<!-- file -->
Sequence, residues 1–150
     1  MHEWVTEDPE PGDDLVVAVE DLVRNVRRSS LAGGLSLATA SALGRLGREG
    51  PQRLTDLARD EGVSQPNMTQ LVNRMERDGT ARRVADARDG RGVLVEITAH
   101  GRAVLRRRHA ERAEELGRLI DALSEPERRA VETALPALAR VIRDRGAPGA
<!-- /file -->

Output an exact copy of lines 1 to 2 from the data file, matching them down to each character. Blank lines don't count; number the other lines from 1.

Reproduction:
Sequence, residues 1–150
     1  MHEWVTEDPE PGDDLVVAVE DLVRNVRRSS LAGGLSLATA SALGRLGREG